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Are Americans souring on voting restrictions?

Voter ID laws have generally polled well. It's too soon to know for sure, but new research suggests public opinion on making voting harder could be shifting.
Early voters fill out their ballots as they cast their vote in the presidential election on the first day of early voting, on Oct. 27, 2012 in Miami, Fla.
Early voters fill out their ballots as they cast their vote in the presidential election on the first day of early voting, on Oct. 27, 2012 in Miami, Fla.

As Republicans have pushed for voter ID in states across the country, they’ve been emboldened by polls showing such laws are popular with voters. But new research—conducted partly in Ohio, still the most pivotal presidential swing state—suggests that when it comes to making voting harder, the tide of public opinion may be turning.

There isn’t enough data to draw firm conclusions. But a genuine shift would be a major boon to the movement to protect voting rights, and it would significantly complicate efforts to enact new restrictions.

A Des Moines Register poll released Monday found that 71% of Iowa voters—including two out of three Republicans—think it’s more important that every eligible registered voter has the chance to vote than that no ineligible voter is allowed to cast a ballot. Just 25% said the reverse.

And focus groups involving swing voters in Columbus, Ohio found strong support for making voting easier:

Twenty-two of 26 participants said people should be able to register and vote on the same day, and the same number expressed support for expanding early voting. Twenty said they’d back providing a mail-in ballot to every registered voter. Twenty also said that every American citizen should be automatically registered to vote on their 18th birthday. Meanwhile, not a single participant wanted to eliminate early voting.

“It’s sinful that even one person is denied the right to vote,” one Columbus man said. “It’s much more appealing to ensure that everyone can vote than to focus on the very few instances of fraud.”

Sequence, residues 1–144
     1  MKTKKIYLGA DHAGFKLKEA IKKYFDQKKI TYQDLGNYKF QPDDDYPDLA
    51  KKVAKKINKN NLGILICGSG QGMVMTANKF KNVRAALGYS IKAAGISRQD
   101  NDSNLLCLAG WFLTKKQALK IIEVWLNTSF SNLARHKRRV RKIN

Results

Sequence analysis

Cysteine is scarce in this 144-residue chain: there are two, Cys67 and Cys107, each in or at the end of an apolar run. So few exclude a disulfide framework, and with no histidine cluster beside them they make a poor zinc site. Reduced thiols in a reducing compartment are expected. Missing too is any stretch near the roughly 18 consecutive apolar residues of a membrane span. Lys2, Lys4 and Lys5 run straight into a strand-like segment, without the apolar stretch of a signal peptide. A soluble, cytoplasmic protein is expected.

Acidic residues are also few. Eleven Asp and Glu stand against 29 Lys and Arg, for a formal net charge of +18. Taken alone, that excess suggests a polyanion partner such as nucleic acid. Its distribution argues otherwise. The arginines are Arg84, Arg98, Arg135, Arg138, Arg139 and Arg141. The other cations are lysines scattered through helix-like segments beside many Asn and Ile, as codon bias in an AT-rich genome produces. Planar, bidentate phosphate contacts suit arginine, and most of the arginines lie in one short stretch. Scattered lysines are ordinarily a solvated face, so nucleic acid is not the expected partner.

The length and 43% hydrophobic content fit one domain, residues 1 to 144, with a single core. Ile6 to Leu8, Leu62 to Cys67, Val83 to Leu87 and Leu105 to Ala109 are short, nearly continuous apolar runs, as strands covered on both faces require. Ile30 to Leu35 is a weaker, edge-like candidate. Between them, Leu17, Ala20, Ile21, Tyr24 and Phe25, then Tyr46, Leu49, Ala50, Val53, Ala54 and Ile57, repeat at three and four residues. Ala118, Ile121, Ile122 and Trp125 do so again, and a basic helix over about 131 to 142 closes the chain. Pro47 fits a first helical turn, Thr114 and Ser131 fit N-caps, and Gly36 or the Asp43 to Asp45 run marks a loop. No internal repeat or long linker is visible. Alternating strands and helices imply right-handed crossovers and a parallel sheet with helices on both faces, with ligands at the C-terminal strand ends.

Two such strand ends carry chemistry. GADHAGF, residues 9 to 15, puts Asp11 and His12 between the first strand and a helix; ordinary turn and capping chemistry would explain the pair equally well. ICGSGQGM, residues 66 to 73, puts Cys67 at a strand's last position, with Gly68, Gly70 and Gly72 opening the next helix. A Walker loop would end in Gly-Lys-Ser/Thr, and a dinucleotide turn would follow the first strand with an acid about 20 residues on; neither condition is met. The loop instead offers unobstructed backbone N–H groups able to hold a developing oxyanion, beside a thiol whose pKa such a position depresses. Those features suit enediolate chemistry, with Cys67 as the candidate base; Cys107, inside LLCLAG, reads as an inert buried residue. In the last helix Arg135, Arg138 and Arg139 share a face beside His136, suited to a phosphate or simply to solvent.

There was also evidence that support for voting rights could boost candidates for office. Eighteen of the 26 Ohioans in the focus group said they’d back a candidate who opposes voter ID, wants to expand early voting, and supports same-day registration. Just eight of the 26 said they’d back a candidate with the opposite stances on those issues.

Both Iowans’ and Ohioans’ views on the issue might be shaped by recent high-profile investigation into voter fraud conducted by the secretaries of state in both places. Both probes were lengthy and costly, but neither turned up evidence of large-scale fraud or illegal voting.

Both the Iowa poll and the Ohio focus groups were commissioned by iVote, a group of Obama campaign veterans and Democratic operatives that’s working to elect Democratic voting rights supporters in four secretary of state races—Ohio, Iowa, Nevada, and Colorado—this fall.

“Voters want candidates for secretary of state who are going to support increasing turnout and oppose any limitations to voting,” David Binder, a pollster who conducted the poll and focus groups on behalf of iVote, told reporters Wednesday. “That was loud and clear in both of these polls.”

There are plenty of caveats here that make it dangerous to draw broad conclusions. Focus groups like those done in Ohio aim to get a snapshot of individual people’s views, not to scientifically measure public opinion. Those views may be shaped by what's said by others in the group. And the sample size is far too small to be meaningfully extrapolated.

Still, taken togehter, the results may suggest a shift in the public mood from several years ago, when 52% of Republicans said in 2009 that Obama and ACORN had stolen the 2008 election. Since then, amid a slew of well-publicized voting restrictions, concerns about large-scale voter fraud have failed to materialize. Meanwhile, voting-rights advocates have succeeded in drawing media attention to the threat of eligible voters being disenfranchised.

The data may also suggest that Republicans are on more dangerous ground with the public when they go beyond voter ID and look to impose other restrictions. Because people tend to overestimate the prevalence of fraud, ID laws have tended to poll well—a 2012 poll found nearly three quarters of Americans in support. In North Carolina, which passed a sweeping and restrictive voting law last year, Republican supporters of the measure have tended to focus on its voter ID component, while the law’s opponents have emphasized the cuts to early voting and same-day registration.

A recent report by a bipartisan commission of experts appointed by President Obama recommended expanding early and absentee voting among other ways to make casting a ballot easier. But Republicans in Congress have signaled that they’re unlikely to act on the panel’s ideas.

In Ohio, iVote is supporting state Sen. Nina Turner, a voting rights champion, who is challenging incumbent Jon Husted, a Republican. Husted recently announced that he’s scrapping Sunday voting, effectively ending the Souls to the Polls drives conducted by many black churches, and triggering an intense pushback.